Article ID: 909363 - View products that this article applies to.
When you try to open a new Microsoft Internet Explorer window after you close a previous Internet Explorer window, Internet Explorer crashes.
This problem occurs when the previous Internet Explorer window displayed one or more XSL transformations.
This problem occurs when the Microsoft XML Parser version 3.0 (MSXML 3.0) throws an access violation during the XSL transformation. The access violation is caught by error handling. However, the Internet Explorer threads remain corrupted. When the Internet Explorer threads are corrupted, Internet Explorer crashes the next time that you try to open a new Internet Explorer window.
A supported hotfix is available from Microsoft. However, this hotfix is intended to correct only the problem that is described in this article. Apply this hotfix only to systems that are experiencing this specific problem. This hotfix might receive additional testing. Therefore, if you are not severely affected by this problem, we recommend that you wait for the next software update that contains this hotfix.
If the hotfix is available for download, there is a "Hotfix download available" section at the top of this Knowledge Base article. If this section does not appear, contact Microsoft Customer Service and Support to obtain the hotfix.
Note If additional issues occur or if any troubleshooting is required, you might have to create a separate service request. The usual support costs will apply to additional support questions and issues that do not qualify for this specific hotfix. For a complete list of Microsoft Customer Service and Support telephone numbers or to create a separate service request, visit the following Microsoft Web site:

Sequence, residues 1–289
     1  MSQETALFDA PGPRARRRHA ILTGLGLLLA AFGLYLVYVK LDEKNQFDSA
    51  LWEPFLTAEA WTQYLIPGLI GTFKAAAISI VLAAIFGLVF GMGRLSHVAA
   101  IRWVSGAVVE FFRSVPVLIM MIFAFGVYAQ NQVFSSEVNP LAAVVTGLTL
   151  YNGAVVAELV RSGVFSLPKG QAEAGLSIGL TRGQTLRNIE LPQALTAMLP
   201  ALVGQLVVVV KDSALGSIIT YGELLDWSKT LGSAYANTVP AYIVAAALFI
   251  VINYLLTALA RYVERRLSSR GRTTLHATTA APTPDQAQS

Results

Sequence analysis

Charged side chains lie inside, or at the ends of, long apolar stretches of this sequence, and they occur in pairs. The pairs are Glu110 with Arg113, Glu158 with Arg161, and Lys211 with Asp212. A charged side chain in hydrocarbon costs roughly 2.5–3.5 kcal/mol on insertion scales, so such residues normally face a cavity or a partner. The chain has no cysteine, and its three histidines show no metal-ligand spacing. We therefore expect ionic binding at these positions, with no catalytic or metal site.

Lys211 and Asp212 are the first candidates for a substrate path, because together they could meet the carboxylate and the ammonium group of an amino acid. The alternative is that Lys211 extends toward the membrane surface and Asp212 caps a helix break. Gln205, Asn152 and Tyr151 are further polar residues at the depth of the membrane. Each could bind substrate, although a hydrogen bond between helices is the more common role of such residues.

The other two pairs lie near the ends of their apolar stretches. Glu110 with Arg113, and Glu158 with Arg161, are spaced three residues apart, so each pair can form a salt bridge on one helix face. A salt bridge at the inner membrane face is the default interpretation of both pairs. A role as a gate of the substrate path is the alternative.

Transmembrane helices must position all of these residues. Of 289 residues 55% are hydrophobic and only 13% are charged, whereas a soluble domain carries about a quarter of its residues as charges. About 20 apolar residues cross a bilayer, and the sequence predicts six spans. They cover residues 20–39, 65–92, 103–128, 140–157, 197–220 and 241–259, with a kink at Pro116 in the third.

http://support.microsoft.com/contactus/?ws=supportNote The "Hotfix download available" form displays the languages for which the hotfix is available. If you do not see your language, it is because a hotfix is not available for that language.
The English version of this hotfix has the file attributes (or later file attributes) that are listed in the following table. The dates and times for these files are listed in Coordinated Universal Time (UTC). When you view the file information, it is converted to local time. To find the difference between UTC and local time, use the Time Zone tab in the Date and Time item in Control Panel.
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Microsoft has confirmed that this is a problem in the Microsoft products that are listed in the "Applies to" section.
For more information, click the following article number to view the article in the Microsoft Knowledge Base:
(https://support.microsoft.com/kb/824684/ )Description of the standard terminology that is used to describe Microsoft software updates
Article ID: 909363 - Last Review: October 9, 2011 - Revision: 2.0